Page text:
‘Ant-Man and the Wasp’ Uncovers Wisdom in the Wilderness
Not only does this “little” Ant-Man sequel matter in the bigger scheme of Marvel’s fictional universe. It also packs in some weighty moral themes.
As the credits rolled on the latest Avengers film, Avengers: Infinity War, audiences wondered: where was Ant-Man? Last seen in Captain America: Civil War, Scott Lang (Paul Rudd) was absent from the latest superhero team-up.
Fortunately, those questions were answered in Ant-Man and the Wasp. This light-hearted Marvel movie releases tomorrow on home media. (Note: this review gives a plot overview and avoids spoilers.)
An Absent Avenger
After Captain America: Civil War, Lang agreed to house arrest for siding with Captain America. Now, Lang visits with his daughter Cassie (Abby Ryder Fortson). Specifically, he entertains her with a “daddy/daughter caper” that majors on childlike fun.
A dream about Janet VanDyne (Michelle Pfeiffer) leads Lang to Hope VanDyne (Evangeline Lilly) and Hank Pym (Michael Douglas). The father daughter/duo want to find Hope’s mother and need Scott’s help.
Previously, Janet sacrificed herself to prevent the deaths of thousands of others. With Scott’s connection, Hope and Hank plot a rescue via a gateway into an unseen realm.
Assembling this technology, while on the run from the FBI, requires them to rely on shady characters to finish building the gateway.
A Hidden, Healing, Heroine
Preventing this rescue is Ghost (Hannah John-Kamen). The victim of an experiment gone wrong, she has been trained by the Strategic Homeland Intervention Enforcement and Logistics Division, aka S.H.I.E.L.D.
Used for classified assignments, she has the ability to pass through solid matter. Overuse of this “affliction” causes Ghost to become unstable. Now on the run, she seeks a cure for what plagues her.
Her last hope? The work of her long-dead father’s former associate, Hank Pym. This desperation leads to a kidnapping that thickens the film’s plot and shows the power of brains over brawn.
Meanwhile, caught up in an adventure he’d rather avoid, Scott’s absence from home endangers his future. It’s the dream-like connection between Scott and Janet that leads deep into the quantum realm. Nevertheless, who they find there is unexpected.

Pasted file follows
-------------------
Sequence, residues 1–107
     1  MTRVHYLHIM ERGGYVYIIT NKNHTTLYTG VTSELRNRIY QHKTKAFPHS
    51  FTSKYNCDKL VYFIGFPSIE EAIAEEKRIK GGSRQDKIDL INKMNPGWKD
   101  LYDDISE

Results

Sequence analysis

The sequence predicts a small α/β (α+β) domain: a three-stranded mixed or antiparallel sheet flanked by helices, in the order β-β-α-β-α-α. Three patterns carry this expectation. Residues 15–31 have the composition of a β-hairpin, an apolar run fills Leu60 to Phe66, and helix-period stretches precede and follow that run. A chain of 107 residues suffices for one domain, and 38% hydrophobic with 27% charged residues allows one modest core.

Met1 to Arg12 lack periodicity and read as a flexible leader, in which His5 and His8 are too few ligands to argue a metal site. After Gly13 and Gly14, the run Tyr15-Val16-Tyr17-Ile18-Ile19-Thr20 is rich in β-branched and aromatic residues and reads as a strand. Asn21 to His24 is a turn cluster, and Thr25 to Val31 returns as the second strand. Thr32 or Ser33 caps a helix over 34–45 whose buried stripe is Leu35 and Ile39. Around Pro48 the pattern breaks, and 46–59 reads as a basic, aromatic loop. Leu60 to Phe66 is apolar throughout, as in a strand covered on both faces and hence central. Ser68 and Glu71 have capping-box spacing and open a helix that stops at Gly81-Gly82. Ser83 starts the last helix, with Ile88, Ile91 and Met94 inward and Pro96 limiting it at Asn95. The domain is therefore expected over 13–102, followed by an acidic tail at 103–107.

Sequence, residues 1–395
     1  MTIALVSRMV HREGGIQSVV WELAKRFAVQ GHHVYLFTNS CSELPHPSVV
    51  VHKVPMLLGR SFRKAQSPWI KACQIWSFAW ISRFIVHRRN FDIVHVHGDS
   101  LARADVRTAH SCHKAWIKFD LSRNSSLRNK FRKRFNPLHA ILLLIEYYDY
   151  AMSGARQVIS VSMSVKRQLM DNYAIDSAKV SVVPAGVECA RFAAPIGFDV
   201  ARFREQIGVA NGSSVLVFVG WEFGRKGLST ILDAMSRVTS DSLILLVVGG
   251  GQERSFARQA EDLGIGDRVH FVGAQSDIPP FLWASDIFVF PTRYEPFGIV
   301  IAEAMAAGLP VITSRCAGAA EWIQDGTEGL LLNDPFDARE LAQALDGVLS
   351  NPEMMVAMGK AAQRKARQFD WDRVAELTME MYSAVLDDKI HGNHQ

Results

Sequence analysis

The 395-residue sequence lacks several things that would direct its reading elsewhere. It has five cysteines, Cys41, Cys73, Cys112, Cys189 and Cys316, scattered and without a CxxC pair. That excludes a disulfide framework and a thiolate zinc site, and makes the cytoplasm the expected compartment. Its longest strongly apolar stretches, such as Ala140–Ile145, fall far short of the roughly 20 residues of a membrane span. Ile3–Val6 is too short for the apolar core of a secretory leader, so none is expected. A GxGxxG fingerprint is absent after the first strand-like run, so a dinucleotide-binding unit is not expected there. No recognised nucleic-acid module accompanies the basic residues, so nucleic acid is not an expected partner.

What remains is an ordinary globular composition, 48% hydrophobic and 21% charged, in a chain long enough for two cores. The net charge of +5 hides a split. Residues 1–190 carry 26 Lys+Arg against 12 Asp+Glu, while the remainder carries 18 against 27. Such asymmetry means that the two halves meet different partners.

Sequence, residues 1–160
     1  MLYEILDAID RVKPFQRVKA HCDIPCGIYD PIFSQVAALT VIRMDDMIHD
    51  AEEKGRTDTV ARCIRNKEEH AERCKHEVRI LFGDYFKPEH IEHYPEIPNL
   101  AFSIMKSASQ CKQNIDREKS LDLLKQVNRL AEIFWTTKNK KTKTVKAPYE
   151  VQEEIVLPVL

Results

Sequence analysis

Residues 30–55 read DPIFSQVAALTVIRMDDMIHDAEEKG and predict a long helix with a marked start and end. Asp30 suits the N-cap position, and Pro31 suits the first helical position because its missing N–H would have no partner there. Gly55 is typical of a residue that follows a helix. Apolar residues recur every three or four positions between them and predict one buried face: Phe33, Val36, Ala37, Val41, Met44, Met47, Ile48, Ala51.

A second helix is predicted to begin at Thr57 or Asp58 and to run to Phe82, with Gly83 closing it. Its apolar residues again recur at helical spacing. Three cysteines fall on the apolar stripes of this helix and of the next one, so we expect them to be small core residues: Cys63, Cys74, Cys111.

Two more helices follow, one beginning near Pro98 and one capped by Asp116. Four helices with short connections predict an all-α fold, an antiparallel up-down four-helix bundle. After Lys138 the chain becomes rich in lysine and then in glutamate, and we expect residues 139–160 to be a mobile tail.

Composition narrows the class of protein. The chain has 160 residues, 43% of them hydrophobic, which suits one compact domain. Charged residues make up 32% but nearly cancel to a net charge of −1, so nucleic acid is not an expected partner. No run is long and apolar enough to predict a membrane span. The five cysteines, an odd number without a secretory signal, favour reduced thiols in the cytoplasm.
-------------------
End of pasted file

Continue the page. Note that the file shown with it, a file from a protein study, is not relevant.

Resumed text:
Instead, Hank encounters something more. Time, loneliness, and survival produced a wandering sage. This sage can reach into places of personal pain and bring healing.
Redemption and Restoration
Unlike most superhero films, the ending in Ant-Man and the Wasp doesn’t come by punching the villain into submission. Instead, redemption comes via someone willing to enter into another’s suffering.
It is the wisdom and perspective of previous wilderness wanderings that allows this. In the case of the long-lost sage, mere presence is a healing balm to a fractured family. Moreover, the sage’s use of energy from another realm provides physical healing that, hopefully, proves a pathway to inner peace.
In the shadows of Avengers: Infinity War, it’s easy to overlook a film like Ant-Man and the Wasp because it’s something smaller. However, to do so would withhold the wisdom of wilderness experience.
Often it is our own places of personal pain from which purpose can arise. It is what comes from our own misery that allows us to help others. We become active agents, present with others amidst trial and tribulation we already understand.
In doing so, we can bring healing and wholeness. Often, this happens on a smaller scale: one person, one family, one small act of heroism at a time.
Rated PG-13 for some sci-fi action violence, Ant-Man and the Wasp releases tomorrow on home media. Explore The Stream’s complete films coverage, and sign up to receive top stories via email every week.